Microsoft today announced the public preview of disaster recovery for Azure IaaS virtual machines. This is Azure Site Recovery (ASR) for the Azure-to-Azure scenario. With that, you can replicate Azure virtual machines (VMs) from one Azure Region to another Azure Region, without deploying any other infrastructure components such as software appliances. Cross-region disaster recovery (DR) feature is now available in all Azure public regions where ASR is available. Let’s have a quick look at how you can achieve Disaster Recovery for Azure VMs.
The Azure documentation describes it the following way:
In addition to the built-in Azure infrastructure capabilities and features that contribute to a robust and resilient availability strategy for workloads running on Azure VMs, there are several reasons why you need to plan for disaster recovery between Azure regions yourself:
- Your compliance guidelines for specific apps and workloads require a Business continuity and Disaster Recovery (BCDR) strategy.
- You want the ability to protect and recover Azure VMs based on your business decisions, and not only based on inbuilt Azure functionality.
- You need to be able to test failover and recovery following your business and compliance needs, with no impact on production.
- You need to be able to failover to the recovery region in the event of a disaster and failback to the source region seamlessly.
Azure to Azure VM replication using Site Recovery helps you to do all the above.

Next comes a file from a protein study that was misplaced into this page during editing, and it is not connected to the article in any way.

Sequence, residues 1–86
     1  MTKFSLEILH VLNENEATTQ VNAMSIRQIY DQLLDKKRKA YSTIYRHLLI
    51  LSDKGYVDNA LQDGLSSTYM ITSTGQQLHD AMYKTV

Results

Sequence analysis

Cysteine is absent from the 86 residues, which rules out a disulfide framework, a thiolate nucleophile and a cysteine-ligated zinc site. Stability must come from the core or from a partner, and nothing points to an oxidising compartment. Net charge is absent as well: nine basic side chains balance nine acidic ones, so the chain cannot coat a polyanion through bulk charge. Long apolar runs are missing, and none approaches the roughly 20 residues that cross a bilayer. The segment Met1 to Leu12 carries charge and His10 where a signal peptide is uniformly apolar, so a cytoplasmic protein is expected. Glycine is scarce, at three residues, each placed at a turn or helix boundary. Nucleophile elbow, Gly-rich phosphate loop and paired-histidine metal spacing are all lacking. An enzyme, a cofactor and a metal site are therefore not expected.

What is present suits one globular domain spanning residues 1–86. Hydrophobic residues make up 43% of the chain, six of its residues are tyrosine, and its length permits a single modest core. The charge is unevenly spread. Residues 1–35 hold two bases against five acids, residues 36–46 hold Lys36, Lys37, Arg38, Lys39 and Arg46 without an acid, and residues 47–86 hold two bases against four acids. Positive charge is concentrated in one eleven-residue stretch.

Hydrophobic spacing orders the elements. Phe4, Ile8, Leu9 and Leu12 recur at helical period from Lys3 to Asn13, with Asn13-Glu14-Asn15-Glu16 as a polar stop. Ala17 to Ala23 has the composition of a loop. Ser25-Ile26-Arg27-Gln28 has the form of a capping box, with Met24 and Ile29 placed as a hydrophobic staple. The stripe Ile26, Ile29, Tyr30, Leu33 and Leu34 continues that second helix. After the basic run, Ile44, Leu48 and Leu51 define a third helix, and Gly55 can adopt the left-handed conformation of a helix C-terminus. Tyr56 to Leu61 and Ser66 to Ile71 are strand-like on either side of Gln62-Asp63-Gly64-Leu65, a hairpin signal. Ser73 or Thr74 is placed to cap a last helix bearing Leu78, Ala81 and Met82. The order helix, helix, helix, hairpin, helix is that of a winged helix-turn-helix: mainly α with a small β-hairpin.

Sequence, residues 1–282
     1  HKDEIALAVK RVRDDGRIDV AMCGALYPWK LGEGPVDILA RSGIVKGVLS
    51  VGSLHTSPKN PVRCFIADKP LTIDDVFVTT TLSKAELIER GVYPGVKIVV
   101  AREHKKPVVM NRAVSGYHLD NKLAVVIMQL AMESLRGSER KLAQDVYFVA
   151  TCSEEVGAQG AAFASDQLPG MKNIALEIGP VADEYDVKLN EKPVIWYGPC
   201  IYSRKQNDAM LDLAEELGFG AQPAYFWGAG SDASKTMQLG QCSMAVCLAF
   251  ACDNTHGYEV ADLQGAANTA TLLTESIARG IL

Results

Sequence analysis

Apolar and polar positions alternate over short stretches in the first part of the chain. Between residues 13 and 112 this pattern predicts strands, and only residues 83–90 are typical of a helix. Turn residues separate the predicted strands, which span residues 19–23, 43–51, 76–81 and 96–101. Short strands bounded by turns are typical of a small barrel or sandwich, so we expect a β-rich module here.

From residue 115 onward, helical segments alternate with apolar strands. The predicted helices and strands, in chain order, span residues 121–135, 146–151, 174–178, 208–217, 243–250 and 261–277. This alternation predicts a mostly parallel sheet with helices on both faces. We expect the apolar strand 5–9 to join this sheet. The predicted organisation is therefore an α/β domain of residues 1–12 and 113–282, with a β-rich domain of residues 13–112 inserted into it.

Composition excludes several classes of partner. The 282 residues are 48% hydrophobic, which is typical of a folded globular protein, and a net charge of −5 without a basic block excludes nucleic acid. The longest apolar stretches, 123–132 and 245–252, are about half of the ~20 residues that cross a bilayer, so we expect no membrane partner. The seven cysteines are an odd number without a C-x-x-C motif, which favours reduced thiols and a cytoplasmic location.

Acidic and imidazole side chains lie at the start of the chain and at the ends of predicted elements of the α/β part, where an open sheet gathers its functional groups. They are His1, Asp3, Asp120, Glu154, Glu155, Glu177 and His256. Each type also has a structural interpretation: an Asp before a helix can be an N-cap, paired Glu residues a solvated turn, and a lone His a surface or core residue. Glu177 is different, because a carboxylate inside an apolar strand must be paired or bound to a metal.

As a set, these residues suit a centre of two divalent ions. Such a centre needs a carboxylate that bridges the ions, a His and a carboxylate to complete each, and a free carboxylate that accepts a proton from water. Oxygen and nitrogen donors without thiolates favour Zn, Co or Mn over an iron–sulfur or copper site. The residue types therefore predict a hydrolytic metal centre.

To set this up, you have to create an Azure Recovery Vault. This Recovery vault cannot be in the same region as the source virtual machines, because if the region is down, you will not have access to the vault.
From that, you can choose to create a new Replication and select the virtual machines you want to replicate. You can select the virtual machines you want to replicate. In the end, you choose the target location and create the needed target resources and start the replication.
This will now allow you to failover your virtual machines to another Azure region.
There are some limitations right now, like no support for managed disks or limited operating system support. Check out the Azure Site Recovery support matrix for replicating from Azure to Azure for more support information.
Azure Site Recovery now allows you to replicate Virtual Machines from:
- On-premise Hyper-V Servers
- On-Premise Hyper-V using System Center Virtual Machine Manager
- On-Premise Physical Servers
- Virtual Machines from AWS
- Virtual Machines from another Azure Region
I hope this blog post gives you an overview of how you can use Azure Site Recovery (ASR) for disaster recovery (DR) of Azure IaaS VMs. By the way, if you want to configure on-premises Hyper-V to Azure disaster recovery using ASR, check my blog post about how you can configure this, using Windows Admin Center. If you have any questions, please let me know in the comments.Tags: ASR, Azure, Azure IaaS, Azure Site Recovery, Azure VM, Azure-to-Azure, BCDR, Distaster Recovery, DR, Microsoft, Region Failover, Replication, Site Recovery, Virtual Machine, Virtual machines, VM Last modified: September 6, 2019